As builders continue to aim for net zero (ZERH) by making homes more efficient and adding renewable energy sources, solar energy is the most accessible option for most projects.
Solar Meets Stylish in Sweden
The innovative and attractive design allows the solar panels on each roof to face south, even though not all the houses are oriented in the same direction.
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Solar Energy Planning – Stateside Solar
Closer to home, local laws in California and the city of St. Louis require new construction to be solar-ready. Massachusetts is also considering such legislation, while other states are introducing voluntary standards for builders who want to adopt them.
No matter where you live, though, if you’re building a new home, you should definitely have a conversation with your architect about your building site and how your house and roof can best be situated with solar in mind.
Solar technology is getting more affordable all the time, but it still pays to make sure you get the best possible return on your investment by planning ahead.
Urban Planning and Solar Energy
The National Renewable Energy Laboratory offers some general guidelines for new, solar-ready construction:
- Avoid shading from existing trees and buildings
- Check zoning laws to avoid shading from future construction nearby
- Determine where solar equipment would be placed
- Don’t put other equipment on south-facing portions of the roof, and generally keep rooftop equipment to a minimum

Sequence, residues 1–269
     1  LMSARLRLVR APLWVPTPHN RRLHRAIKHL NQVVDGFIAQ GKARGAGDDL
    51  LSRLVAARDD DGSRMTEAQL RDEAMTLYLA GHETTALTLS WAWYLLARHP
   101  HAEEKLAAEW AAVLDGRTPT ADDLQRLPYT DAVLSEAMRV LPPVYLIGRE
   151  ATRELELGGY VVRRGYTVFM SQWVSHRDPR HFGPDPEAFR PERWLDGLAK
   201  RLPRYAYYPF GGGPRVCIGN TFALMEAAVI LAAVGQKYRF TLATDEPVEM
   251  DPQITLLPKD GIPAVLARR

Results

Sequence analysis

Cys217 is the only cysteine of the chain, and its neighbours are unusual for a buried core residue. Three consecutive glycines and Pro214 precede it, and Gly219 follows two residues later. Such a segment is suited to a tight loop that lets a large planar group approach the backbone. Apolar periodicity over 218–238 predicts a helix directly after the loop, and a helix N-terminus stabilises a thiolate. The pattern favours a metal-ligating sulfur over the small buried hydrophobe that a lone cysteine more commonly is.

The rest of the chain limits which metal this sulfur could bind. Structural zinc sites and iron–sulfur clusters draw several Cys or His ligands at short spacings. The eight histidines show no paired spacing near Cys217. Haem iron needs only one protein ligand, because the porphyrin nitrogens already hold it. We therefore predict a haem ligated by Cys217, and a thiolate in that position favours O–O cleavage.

- Choose the best kind of roof for the solar equipment you have in mind (and take into account the weight of the equipment and possible wind loads)
- Record the specifications of the roof on drawings
- Add safety equipment to facilitate future access to solar equipment
- Consider whether mounting hardware can be installed when the roof is installed, even if the solar equipment will be installed later
- Make sure the roof warranty covers solar installation
- Check that solar equipment complies with the National Electrical Code
Planning and Zoning for Solar Energy
While most existing buildings have been constructed without the potential for solar energy in mind, this interesting article shows how if every suitable existing roof in the U.S. had solar panels installed, we could produce up to 40 percent of the power we use annually. (With its dense construction and abundant sunshine, California could generate up to a whopping 74 percent!).
With appropriate planning laws and zoning in certain areas to encourage the uptake of solar panels where conditions are more favorable for the utilization of solar energy, we could see a much larger proportion of energy generated in the US coming from renewable sources.
Final Thoughts on Solar Energy and The Planning System
With better guidance and planning regulations around the use of renewable energy, in particular solar PV, we could encourage greater uptake of these forms of eco-friendly power generation.
It’s possible to make use of solar in a variety of conditions and circumstances. There’s no reason to think that your home cannot use solar panels simply because its roof does not face due south.
So what if you aren’t building a new home and you’re interested in solar, but your existing roof doesn’t seem ideal? Don’t let the perfect be the enemy of the good.
In an article on solar-ready rooftops from Builder Online, Charlie Morgan of Eastern CT Solar in Stonington, Connecticut notes: “…you have to work with what you’ve got. A lot of times, that roof is not oriented toward perfect south.
That doesn’t mean it’s not a good roof for solar. If you had an optimum south-facing roof, you’d be at 98% production; if you had an east-facing roof at a 35-degree pitch, you’d be at 80% production.
And if you were east at a 21-degree pitch, you’d have about 84% because there’s less shading by the roof. So that more flat roof helps you out a bit.”